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  • At GOP Debate, a Unified Blast at Bush

    By Terry M. Neal
    Washington Post Staff Writer
    Saturday, October 23, 1999; Page A8

    MANCHESTER, N.H., Oct. 22 After a polite debate that revealed few major ideological divisions, the five Republican candidates who appeared on the same stage here tonight acknowledged they had something else in common: They thought Texas Gov. George W. Bush insulted the voters of New Hampshire by skipping the event.

    Virtually all of the candidates left standing in the GOP race Gary Bauer, Steve Forbes, Sens. Orrin G. Hatch and John McCain, and Alan Keyes showed up at the University of New Hampshire for a debate moderated by ABC correspondent Cokie Roberts. Conspicuously absent was the field's undisputed front-runner, Bush, who had been in New Hampshire during the day but left for a fund-raiser in Vermont tonight.

    "High-tailed it," were the words Bauer used, saying Bush's actions were an "incredible insult to the people of New Hampshire."

    "I think he was the big loser here tonight," said Forbes, who also used "insult."

    Keyes was even more direct. With reporters gathered around him, Keyes spoke of the "arrogance being displayed by the Bush people," who apparently believe that money equaled "nobility" and that "somehow we all ought to bow down to him" as the governor marches toward the nomination.

    The debate itself was far more civil, with only Bauer making one oblique reference to Bush. When Roberts repeated Bush's comment earlier today that there was room for disagreement on abortion rights, Bauer retorted: "Governor Bush's statement is nonsensical. I wish he was here so we could tell him about it."

    The race for the Republican presidential nomination in New Hampshire is a contest to become the sole competitor of Bush, whose campaign's air of celebrity attracts crowds of hundreds while his opponents draw dozens.

    Tonight, Bush's opponents had their best opportunity yet for broad public exposure in a debate broadcast statewide by New Hampshire Public Television and carried nationally on C-SPAN. But they revealed far more ideological similarities than differences.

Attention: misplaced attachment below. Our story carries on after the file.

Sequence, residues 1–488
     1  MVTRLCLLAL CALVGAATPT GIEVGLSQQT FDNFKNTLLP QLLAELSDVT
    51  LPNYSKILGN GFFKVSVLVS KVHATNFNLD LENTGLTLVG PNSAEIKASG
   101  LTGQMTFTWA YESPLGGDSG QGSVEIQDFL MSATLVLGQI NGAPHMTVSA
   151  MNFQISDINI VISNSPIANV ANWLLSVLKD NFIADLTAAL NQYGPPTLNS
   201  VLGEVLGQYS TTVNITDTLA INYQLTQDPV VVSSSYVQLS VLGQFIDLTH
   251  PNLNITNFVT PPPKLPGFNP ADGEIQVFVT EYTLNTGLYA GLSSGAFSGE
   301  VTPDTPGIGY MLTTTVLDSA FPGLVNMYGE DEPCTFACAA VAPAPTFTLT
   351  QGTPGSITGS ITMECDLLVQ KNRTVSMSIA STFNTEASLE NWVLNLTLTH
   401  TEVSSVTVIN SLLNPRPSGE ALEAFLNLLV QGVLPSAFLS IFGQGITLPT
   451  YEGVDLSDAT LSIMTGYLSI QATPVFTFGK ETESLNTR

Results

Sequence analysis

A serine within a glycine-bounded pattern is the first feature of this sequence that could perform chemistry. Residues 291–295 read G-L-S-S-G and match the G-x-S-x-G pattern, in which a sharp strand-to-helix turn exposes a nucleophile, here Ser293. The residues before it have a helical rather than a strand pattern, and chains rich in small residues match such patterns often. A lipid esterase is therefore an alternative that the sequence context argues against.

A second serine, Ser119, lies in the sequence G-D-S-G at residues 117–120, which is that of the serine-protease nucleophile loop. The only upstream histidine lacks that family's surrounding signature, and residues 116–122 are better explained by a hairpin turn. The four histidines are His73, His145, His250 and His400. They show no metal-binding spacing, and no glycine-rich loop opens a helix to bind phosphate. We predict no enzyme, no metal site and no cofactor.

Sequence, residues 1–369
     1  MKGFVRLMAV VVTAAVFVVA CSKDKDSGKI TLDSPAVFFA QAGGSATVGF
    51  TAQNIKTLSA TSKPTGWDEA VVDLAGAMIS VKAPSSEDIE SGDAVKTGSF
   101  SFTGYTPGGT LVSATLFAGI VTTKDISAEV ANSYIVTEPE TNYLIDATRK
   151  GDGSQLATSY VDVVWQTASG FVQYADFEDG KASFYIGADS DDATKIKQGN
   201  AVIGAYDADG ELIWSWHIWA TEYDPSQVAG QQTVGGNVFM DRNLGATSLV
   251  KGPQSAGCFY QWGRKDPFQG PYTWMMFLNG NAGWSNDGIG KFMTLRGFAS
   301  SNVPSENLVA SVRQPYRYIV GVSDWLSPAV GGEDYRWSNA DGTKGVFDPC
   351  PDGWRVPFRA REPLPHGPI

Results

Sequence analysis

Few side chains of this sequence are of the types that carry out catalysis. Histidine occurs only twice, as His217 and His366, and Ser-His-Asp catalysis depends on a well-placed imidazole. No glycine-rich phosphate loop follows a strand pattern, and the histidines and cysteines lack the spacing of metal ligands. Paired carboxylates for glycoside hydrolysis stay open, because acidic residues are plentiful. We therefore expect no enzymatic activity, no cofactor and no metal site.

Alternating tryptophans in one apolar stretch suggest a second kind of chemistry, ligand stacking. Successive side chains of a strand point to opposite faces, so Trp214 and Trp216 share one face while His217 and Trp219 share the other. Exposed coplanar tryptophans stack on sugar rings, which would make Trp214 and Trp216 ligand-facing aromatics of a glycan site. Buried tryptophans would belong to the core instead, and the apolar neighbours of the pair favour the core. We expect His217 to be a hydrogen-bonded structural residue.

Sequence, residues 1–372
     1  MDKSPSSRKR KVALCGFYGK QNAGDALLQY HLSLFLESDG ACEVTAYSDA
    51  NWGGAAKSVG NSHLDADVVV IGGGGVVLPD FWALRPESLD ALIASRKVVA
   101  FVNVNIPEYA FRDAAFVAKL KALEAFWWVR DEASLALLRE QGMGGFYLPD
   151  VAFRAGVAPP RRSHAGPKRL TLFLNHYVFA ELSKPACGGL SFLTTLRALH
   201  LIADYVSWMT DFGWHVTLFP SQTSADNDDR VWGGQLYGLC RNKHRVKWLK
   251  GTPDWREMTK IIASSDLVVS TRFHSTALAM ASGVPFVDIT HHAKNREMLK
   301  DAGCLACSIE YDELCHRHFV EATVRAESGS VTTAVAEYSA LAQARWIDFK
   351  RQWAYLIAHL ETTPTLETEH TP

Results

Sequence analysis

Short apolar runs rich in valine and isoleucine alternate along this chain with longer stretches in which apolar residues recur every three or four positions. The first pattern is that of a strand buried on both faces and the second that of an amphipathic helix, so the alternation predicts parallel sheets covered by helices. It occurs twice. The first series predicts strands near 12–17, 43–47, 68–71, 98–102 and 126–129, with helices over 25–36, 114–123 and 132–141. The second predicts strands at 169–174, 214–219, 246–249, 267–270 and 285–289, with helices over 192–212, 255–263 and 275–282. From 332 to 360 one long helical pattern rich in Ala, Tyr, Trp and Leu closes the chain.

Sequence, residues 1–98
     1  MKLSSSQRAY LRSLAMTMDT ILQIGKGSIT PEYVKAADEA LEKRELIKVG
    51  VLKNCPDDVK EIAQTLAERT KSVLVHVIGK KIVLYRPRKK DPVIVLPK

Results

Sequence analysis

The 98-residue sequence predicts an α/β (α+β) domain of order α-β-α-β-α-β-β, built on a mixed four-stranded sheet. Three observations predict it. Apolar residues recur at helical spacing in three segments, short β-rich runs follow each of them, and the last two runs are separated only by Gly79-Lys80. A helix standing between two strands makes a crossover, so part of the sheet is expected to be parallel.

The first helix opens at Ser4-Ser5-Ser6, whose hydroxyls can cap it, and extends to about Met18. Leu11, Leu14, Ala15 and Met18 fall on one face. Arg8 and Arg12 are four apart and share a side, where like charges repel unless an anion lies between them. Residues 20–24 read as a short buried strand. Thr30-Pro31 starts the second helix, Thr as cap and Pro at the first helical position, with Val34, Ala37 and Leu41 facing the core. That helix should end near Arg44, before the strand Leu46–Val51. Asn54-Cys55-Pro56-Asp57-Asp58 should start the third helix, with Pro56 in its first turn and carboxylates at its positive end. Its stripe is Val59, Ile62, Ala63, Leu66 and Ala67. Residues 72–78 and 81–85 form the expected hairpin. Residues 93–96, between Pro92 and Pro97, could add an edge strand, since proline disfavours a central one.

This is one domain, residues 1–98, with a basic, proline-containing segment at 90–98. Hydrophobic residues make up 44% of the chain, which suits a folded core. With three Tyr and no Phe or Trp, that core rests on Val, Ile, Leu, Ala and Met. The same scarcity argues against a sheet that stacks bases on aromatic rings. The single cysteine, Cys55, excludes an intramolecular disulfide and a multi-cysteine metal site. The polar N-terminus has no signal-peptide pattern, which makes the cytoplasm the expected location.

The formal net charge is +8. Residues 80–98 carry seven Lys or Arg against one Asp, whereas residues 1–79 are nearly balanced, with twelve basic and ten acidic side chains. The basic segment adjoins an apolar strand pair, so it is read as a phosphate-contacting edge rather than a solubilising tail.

All advocated some form of school vouchers and less of a federal role in education. All agreed that there is a value deficit in the White House and that voters are eager for moral leadership. All agreed generally that U.S. taxpayers cannot afford to subsidize foreign and Third World countries to improve their standard of living. All agreed with the Senate's vote to ban a late-term abortion procedure, and the candidates who addressed the issue more specifically said they would require running mates and judicial appointees to oppose abortion.

    The biggest difference came on trade issues, with Bauer and Keyes arguing against normal trade status for China and Hatch and McCain arguing for it. Forbes said he would not renew the trade status if China continues to sell nuclear technology to rogue states.

    "We do have to engage" China to encourage it to change repressive human rights policies, Hatch said.

    Afterward, asked if any major differences between the candidates emerged, Forbes said: "On education, McCain has more of a Washington-oriented approach." During the debate, McCain described education inequality based on economic disparities as a "civil rights issue" and advocated merit pay for teachers, saying, "There's no reason why a good teacher should get paid less money than a bad senator."

    Asked the same question, Hatch said there was a clear difference between him and McCain on campaign finance reform. Hatch characterized McCain's assertions that money has corrupted Washington as "bull."

    And Bauer said the biggest gulf in ideology in the debate was between him and Forbes on Social Security. Forbes advocates private retirement savings accounts, which Bauer vehemently opposes in favor of the current system.

    Campaign aides said Bush skipped the debate to fulfill a prior commitment to attend a GOP fund-raising dinner in Vermont, although he added a fund-raiser for his own campaign. He has agreed to debate the challengers on Dec. 2. a reversal of his plan to skip such forums until January.

    State Republican committeeman Tom Rath, a Bush supporter, said there is no reason why the front-runner should attend numerous debates where he would be the focus of attacks by his opponents.

    "The idea that he's afraid is ridiculous," he said, noting that Bush drew large crowds at events and spent much time answering questions from individual voters today. "He's going to do the requisite number of debates, but he's not going to do more than is necessary to do."

    Answering questions at a fire station in Newport this afternoon, Bush said he supported the Senate vote Thursday to ban late-term abortions but added that there is room for disagreement on the issue of abortion.

    This morning, McCain, who voted for the late-term abortion ban, portrayed himself as the rising candidate in the race. His campaign aides are ecstatic about polls showing that he has moved from 3 percentage points in February to 26 percentage points now, placing him a solid second to Bush. "We're trying to broaden this party out from just rigid doctrinaire issues," McCain said.

    About 20 percent of those who voted in the 1996 GOP primary were independents, state officials said. State GOP Chairman Steve Duprey said of McCain: "Can he be competitive here in New Hampshire? Sure he can. He can make this into a real race."


    © 1999 The Washington Post Company

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